Upper GI Endoscopy, which is sometimes called EGD (esophagogastroduodenoscopy), is a visual examination of the upper intestinal tract using a lighted, flexible fiber-optic or video endoscope. The upper gastro-intestinal tract begins with the mouth and continues to the esophagus which carries food to the stomach. The J-shaped stomach secretes a potent acid and churns food into small particles. The food then enters the duodenum, or small bowel, where bile from the liver and digestive juices from the pancreas mix with it to help the digestive process.
Reasons For The Exam
Due to factors related to diet, environment and heredity, the upper GI tract is the site of numerous disorders. These can develop into a variety of diseases and/or symptoms. Upper GI endoscopy helps in diagnosing and often in treating these conditions:
Upper GI endoscopy is usually performed on an outpatient basis. The throat is often anesthetized by a spray or liquid. Intravenous sedation is usually given to relax the patient, deaden the gag reflex and cause short-term amnesia. For some individuals who can relax on their own and whose gagging can be controlled, the exam is done without intravenous medications. The endoscope is then gently inserted into the upper esophagus. The patient can breathe easily throughout the exam. Other instruments can be passed through the endoscope to perform additional procedures if necessary. For example, a biopsy can be done in which a small tissue specimen is obtained for microscopic analysis. A polyp or tumor can be removed using a thin wire snare and electrocautery (electrical heat). The exam takes from 15 to 30 minutes, after which the patient is taken to the recovery area. There is no pain with the procedure and patients seldom remember much about it.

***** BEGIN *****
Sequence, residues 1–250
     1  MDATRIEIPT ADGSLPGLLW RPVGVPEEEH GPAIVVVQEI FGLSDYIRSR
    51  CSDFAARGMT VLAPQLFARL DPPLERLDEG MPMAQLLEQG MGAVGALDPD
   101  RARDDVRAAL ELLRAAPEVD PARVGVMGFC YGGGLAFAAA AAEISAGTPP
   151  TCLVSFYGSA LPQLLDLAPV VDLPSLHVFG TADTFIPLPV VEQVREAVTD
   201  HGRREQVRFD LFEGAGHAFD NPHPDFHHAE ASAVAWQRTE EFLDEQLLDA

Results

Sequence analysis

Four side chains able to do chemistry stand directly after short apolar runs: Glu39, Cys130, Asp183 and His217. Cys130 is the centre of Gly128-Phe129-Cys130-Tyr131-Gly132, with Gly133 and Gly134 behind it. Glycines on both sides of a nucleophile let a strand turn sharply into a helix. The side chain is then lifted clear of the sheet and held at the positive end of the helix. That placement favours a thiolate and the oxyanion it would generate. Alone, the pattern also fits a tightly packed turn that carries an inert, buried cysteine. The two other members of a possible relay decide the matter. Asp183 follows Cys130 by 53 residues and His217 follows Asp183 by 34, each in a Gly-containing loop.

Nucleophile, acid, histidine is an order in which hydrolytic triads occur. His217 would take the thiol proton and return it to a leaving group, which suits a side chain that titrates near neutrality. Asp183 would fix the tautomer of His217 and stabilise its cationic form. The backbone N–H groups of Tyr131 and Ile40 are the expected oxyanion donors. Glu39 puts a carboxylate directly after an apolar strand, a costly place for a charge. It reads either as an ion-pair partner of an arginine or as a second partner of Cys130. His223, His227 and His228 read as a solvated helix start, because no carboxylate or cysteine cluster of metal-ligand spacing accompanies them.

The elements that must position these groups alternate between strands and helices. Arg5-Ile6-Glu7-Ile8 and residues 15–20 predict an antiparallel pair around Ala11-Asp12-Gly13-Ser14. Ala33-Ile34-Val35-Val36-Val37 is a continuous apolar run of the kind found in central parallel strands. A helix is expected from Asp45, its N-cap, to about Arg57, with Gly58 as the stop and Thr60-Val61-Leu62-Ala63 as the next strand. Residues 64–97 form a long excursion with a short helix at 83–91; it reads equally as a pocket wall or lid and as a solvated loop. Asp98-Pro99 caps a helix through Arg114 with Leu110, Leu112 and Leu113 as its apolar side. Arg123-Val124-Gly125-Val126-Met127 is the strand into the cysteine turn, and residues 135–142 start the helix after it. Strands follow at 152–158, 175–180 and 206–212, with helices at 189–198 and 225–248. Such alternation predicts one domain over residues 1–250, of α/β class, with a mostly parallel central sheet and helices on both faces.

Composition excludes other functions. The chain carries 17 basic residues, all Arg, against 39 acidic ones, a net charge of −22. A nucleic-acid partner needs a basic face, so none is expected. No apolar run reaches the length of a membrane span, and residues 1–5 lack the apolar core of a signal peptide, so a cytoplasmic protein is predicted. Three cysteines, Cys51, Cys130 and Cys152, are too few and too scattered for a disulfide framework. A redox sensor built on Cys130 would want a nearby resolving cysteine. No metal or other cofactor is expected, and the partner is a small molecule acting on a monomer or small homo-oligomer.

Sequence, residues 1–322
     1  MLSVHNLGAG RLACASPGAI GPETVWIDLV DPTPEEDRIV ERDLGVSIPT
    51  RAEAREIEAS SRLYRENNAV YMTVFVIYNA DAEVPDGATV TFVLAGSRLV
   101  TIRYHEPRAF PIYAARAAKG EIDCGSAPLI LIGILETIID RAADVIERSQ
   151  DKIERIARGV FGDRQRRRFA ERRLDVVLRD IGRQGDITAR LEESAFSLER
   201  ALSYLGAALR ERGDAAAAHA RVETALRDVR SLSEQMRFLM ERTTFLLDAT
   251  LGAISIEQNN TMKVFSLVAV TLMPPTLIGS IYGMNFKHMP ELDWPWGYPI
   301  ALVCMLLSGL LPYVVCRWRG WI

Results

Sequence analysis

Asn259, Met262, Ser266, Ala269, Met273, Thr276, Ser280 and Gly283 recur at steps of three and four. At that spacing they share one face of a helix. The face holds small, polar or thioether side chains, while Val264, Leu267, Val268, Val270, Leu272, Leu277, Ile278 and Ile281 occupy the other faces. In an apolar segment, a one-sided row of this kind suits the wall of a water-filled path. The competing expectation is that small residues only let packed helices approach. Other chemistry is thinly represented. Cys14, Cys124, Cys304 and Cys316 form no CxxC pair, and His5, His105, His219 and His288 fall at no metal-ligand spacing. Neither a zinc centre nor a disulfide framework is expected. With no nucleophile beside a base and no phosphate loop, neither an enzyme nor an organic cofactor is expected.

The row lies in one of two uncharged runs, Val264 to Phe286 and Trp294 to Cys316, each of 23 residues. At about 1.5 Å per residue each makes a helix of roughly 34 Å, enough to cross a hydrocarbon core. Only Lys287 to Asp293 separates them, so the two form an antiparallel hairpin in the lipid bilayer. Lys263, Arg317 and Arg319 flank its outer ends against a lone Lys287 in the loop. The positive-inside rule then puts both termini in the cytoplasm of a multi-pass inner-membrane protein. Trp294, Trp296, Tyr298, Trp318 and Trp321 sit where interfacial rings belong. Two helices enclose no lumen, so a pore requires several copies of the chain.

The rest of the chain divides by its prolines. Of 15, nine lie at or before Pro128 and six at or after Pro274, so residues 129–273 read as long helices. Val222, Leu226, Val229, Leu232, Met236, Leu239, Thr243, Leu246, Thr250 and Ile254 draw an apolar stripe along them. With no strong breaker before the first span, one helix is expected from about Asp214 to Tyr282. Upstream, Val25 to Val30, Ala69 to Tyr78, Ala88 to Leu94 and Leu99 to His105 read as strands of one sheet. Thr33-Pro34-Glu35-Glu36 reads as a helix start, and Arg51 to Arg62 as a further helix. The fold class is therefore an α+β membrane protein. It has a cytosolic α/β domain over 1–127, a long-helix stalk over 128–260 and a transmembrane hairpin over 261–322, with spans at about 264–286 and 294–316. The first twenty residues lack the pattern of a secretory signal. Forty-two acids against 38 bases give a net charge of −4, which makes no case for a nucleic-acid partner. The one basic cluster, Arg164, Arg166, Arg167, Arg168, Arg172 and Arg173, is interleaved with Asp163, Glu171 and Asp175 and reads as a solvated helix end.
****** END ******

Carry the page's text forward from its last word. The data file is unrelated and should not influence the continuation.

An upper GI endoscopy is performed primarily to identify and/or correct a problem in the upper gastrointestinal tract. This means the test enables a diagnosis to be made upon which specific treatment can be given. If a bleeding site is identified, treatment can stop the bleeding, or if a polyp is found, it can be removed without a major operation. Other treatments can be given through the endoscope when necessary.